What can a server do for my business?


If you're running a small business you don't want to be bogged down in technical jargon. You want your IT to make life easier - not harder. Let's see how that can work.

Let's say you're a fruiter. Each day, you visit the markets to buy fresh produce that you sell over the next day or two. Sounds pretty straightforward doesn't it? In reality, life is a lot more complicated. That trip to the markets is likely happening early in the morning, before anyone is in the store and you've travelled to the market straight from home.

In the store, you've got a decent point of sale system that makes old cash registers look like they're steam driven. That point of sale system can not only take cash and tell you the right change but it can also talk to your inventory system. So, as produce is sold, you can keep track of what's left in the warehouse.

Your fruit shop is facing tough competition. The local supermarket might not have produce that's as good as your but their prices are cheaper. Your competitive edge is in having specific varieties of fruit and vegetables that they don't stock and in delivering superior service.

What's a server got to with all that?


For all of this to work, you need an inventory system that be accessed from several places by different people at once. The only way to do that effectively is to have the data in a central location.

A central server can ensure that while you're at the market, you can check stock levels. If you left before close of business the night before your trip to the markets, it's possible that a customer came in and bought a couple of cases of apples for a community event. That might leave you short. With the right software running on your server, you could get up-to-the-minute stock levels using a smartphone.

When a customer comes to the store, they might be after butternut pumpkins but there are none on the shelf. Rather than keep the customer waiting, you could use a terminal in the shop to check if there are any out the back and tell the customer straight away. Without that information stored centrally, you'd have to waste time looking around or asking other staff.

As products are being sold through the registers, you can see what's happening to stock levels in real time from a single place. As well as seeing what's running low, you can see what stock isn't selling as fast as you'd like. Because the point of sale system can talk to the inventory system you can relay messages subtly to the checkout staff letting them know so they can suggest more sales.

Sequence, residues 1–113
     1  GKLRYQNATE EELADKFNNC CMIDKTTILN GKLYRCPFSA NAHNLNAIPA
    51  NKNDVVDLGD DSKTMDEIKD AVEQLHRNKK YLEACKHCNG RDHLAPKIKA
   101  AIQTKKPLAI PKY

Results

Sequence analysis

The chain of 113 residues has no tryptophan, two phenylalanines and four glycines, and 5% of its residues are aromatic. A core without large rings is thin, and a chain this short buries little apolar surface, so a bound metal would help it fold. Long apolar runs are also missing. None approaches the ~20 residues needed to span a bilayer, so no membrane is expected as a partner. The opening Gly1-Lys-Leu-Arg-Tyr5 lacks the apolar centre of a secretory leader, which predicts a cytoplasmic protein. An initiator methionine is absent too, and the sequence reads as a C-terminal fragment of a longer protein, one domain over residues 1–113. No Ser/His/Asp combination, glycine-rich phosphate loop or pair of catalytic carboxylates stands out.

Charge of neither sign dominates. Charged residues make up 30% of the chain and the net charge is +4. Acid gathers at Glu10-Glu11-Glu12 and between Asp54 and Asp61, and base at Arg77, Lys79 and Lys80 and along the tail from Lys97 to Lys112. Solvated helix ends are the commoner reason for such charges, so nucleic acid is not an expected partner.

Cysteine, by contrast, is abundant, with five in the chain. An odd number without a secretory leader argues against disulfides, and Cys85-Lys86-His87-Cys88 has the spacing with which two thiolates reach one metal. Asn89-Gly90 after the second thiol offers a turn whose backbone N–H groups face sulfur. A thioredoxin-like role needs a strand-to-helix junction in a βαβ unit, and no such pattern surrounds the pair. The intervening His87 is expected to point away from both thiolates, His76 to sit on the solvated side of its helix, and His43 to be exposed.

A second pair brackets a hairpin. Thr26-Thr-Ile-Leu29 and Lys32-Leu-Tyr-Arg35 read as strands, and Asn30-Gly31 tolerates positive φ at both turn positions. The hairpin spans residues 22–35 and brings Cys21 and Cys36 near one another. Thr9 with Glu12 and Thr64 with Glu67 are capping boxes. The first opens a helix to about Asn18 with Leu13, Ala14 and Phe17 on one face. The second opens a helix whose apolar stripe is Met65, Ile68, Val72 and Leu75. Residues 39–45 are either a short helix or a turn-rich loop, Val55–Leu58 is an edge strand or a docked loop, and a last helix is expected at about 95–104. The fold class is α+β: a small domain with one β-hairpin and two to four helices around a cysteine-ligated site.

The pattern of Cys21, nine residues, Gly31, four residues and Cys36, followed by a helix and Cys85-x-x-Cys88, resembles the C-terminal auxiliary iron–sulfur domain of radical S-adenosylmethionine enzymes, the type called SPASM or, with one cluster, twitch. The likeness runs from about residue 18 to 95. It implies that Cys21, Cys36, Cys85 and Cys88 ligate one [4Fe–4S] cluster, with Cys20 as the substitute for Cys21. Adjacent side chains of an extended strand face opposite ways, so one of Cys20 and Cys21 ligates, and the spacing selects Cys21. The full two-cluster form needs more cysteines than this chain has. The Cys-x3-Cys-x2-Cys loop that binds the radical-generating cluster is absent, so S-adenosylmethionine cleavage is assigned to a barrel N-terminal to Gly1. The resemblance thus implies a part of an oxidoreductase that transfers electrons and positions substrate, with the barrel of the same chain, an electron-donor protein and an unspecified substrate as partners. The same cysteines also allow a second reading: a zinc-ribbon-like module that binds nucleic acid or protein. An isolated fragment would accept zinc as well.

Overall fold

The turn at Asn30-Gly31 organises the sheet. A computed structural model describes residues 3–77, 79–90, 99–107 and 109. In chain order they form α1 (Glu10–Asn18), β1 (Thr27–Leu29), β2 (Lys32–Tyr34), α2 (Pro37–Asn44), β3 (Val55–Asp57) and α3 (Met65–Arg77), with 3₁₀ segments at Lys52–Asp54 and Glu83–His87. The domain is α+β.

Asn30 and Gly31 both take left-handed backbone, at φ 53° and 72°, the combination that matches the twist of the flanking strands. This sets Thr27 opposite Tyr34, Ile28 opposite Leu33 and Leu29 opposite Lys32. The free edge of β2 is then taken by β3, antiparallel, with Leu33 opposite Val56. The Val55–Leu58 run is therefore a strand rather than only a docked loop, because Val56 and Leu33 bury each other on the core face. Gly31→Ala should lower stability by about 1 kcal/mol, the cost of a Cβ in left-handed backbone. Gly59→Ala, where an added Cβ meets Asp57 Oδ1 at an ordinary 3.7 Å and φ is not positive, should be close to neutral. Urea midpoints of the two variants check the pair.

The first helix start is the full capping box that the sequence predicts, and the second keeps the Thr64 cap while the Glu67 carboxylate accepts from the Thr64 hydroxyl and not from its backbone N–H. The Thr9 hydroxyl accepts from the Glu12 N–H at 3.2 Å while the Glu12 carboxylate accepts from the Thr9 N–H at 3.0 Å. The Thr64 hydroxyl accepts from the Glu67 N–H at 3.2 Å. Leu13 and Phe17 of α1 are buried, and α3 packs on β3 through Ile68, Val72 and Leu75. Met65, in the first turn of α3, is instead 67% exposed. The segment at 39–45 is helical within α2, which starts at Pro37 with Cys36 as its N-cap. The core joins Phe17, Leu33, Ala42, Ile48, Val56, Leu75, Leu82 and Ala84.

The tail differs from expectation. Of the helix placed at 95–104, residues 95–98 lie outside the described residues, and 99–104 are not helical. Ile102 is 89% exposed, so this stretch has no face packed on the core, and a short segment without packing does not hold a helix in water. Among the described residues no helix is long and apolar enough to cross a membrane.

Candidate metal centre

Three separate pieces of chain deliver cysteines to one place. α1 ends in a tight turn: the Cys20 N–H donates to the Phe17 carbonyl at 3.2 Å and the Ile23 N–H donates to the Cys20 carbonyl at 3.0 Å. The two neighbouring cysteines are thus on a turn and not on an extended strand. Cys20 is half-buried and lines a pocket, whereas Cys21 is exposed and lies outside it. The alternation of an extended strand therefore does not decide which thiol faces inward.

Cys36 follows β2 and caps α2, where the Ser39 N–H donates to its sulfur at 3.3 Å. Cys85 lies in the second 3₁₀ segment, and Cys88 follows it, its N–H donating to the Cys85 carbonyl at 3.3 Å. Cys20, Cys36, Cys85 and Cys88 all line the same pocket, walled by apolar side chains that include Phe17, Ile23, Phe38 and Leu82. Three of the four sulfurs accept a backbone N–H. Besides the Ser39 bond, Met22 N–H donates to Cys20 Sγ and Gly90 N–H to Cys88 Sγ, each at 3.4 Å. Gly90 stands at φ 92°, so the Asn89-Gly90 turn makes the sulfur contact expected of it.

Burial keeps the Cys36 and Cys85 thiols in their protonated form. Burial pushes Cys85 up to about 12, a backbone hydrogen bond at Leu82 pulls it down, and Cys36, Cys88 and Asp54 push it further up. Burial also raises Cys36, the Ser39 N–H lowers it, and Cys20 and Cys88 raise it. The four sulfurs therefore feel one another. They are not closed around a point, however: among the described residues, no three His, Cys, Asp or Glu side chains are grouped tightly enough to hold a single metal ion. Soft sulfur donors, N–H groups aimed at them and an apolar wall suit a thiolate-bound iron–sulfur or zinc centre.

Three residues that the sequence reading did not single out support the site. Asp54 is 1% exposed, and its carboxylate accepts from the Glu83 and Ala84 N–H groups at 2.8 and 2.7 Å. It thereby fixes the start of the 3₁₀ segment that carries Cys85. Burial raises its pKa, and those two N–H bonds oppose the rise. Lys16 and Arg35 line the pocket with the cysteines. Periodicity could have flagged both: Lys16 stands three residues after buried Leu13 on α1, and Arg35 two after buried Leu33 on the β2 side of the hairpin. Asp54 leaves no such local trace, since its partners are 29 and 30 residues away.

Given the dependence on your computer system for operations, it's critical that all of your important data is backed up. By having all the data in a central place on a server, the tasks of backing up and recovery are simplified.

When all your critical information is in one place, you can set up a backup system easily. All you need to do is have your data copied from one location to another. If the data were spread out on individual systems then you'd need a system that could back up data from several different locations.

If the worst happens and your computer system is irreparably damaged, getting things up and running again is simpler as all you'd need to do is restore your backups to a single server.

How much can a server save or make for my business?


Let's cut to the chase - a server won't do anything for your business on its own. But the right server with the right software can be a powerful enabler for your business. Let's head back to our fruit shop and see what we can do.

Small retailers are under threat by large shopping malls, powerful supermarket chains and web sites that make shopping around easy. Running your own server with the right software can help combat all those things by enabling the fruit shop to move from being just a bricks and mortar store to a modern, multi-fronted business.

The biggest advantages our fruit shop has are its relationships with customers, local community presence and straight from the market freshness. As a small business, it's nimble and able to get different products on the shelf faster than the supermarkets. With a server, it's possible to add new or different products to the inventory system quickly and then let your local customers know that you have something special available.

A customer relationship management system can help you with contacting regular customers by email or SMS so you can let them know of special deals or products.